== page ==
Asking me to name a favorite author is like asking a wine snob to name the best vino. I struggle mightily with this question—which is one of the top three questions I’m asked in interviews—both because I have eclectic reading taste and because I don’t want to leave anyone out. I read across genres and I read constantly: I could literally name at least a hundred books I’ve read multiple times.
So…. I’m gonna do what I usually do and list the authors whose books I keep by my bed. (I’ve whittled it down to ten, and that nearly killed me.) I love them, I’ve read their books dozens of times, and I’d freak if I met them. They are probably not who you’d think, however, given that I write women’s fiction and there’s only one WF author on the list. Let’s break the rest of them down:
3 nonfiction writers
2 literary fiction writers
1 speculative fiction writer (ranging from science fiction to cyberpunk to historical fiction).
1 mystery writer
1 commercial thriller writer
1 writer of children’s literature
There are, however, some commonalities: with the exception of the thriller writer and one of the nonfiction writers, they all write wordy, witty, complicated books, imbued with sly humor and subtle snark. The thriller writer and one of the nonfiction writers have relatively clean, simple prose, but the rest of them are word nerds who employ complex sentence structure. Their influence on me has been mighty: a criticism I’ve seen several times from readers of my book is “too many SAT words.” My actual friends are used to this: the commonest statement I’ve heard from everyone who knows me after they read the book is It was like listening to you talk. (I realize you are now wondering if my friends are imaginary, but I promise most of them are not.) Throw in my preoccupation with science and you round out the list.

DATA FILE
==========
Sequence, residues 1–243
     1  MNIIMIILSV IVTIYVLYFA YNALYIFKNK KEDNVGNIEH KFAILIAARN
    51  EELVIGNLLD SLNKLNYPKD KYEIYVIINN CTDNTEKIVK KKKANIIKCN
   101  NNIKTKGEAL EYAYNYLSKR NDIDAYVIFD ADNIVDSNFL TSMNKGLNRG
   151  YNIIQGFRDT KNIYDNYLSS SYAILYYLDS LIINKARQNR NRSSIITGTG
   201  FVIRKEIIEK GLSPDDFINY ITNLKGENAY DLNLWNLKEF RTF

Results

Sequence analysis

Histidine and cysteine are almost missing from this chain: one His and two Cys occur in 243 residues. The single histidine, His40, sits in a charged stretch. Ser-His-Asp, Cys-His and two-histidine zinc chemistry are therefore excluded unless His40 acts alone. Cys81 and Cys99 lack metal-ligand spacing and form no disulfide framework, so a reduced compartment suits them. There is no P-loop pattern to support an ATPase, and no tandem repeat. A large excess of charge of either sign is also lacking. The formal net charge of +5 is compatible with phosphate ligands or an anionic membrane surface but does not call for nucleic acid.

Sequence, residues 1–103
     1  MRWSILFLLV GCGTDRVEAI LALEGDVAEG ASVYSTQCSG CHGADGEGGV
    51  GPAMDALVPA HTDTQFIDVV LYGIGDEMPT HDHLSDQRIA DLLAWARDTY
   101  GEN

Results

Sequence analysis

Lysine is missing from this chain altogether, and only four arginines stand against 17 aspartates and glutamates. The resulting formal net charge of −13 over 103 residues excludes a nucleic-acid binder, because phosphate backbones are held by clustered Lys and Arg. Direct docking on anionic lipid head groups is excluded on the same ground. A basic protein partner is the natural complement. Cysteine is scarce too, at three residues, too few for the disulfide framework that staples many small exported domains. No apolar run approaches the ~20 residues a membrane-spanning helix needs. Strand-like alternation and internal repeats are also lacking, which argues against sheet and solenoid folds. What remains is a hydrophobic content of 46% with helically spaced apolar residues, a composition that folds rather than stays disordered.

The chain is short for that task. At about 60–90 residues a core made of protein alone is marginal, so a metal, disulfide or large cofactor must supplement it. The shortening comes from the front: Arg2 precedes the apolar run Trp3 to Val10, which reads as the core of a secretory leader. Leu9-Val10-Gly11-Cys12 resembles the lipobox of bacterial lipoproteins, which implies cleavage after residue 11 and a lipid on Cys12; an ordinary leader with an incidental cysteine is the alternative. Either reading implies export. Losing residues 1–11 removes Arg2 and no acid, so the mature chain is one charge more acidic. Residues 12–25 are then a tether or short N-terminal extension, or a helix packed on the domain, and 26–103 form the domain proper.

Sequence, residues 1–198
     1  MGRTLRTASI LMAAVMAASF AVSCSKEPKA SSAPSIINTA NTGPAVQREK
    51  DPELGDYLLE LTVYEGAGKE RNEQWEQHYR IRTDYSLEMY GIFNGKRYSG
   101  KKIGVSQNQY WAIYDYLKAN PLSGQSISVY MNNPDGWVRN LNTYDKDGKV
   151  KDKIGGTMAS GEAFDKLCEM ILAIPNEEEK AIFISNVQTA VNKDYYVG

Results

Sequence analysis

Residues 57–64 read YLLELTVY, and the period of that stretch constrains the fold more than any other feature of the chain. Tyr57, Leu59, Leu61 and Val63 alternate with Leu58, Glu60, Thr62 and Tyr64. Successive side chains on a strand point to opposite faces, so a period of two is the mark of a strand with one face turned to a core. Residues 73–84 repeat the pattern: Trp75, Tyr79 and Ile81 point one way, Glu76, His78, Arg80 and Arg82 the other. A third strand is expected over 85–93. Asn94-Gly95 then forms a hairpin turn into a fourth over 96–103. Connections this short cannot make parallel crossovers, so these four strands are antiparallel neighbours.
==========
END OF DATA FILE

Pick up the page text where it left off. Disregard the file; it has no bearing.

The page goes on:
So now that we’ve established that I’m a freak of nature in the vocabulary department, it’s time to assign blame. In no particular order, meet my top ten favorite authors!
I first became obsessed with Micheal Lewis when I was trying to understand what caused the financial meltdown of 2008. Imagine somebody tasked you with trying to describe credit default swaps and collateralized debt obligations to the oblivious masses and you had to make it both understandable and fascinating. Yeah, that’s Michael Lewis. He’s primarily a financial writer, but he writes lots of other interesting stuff too.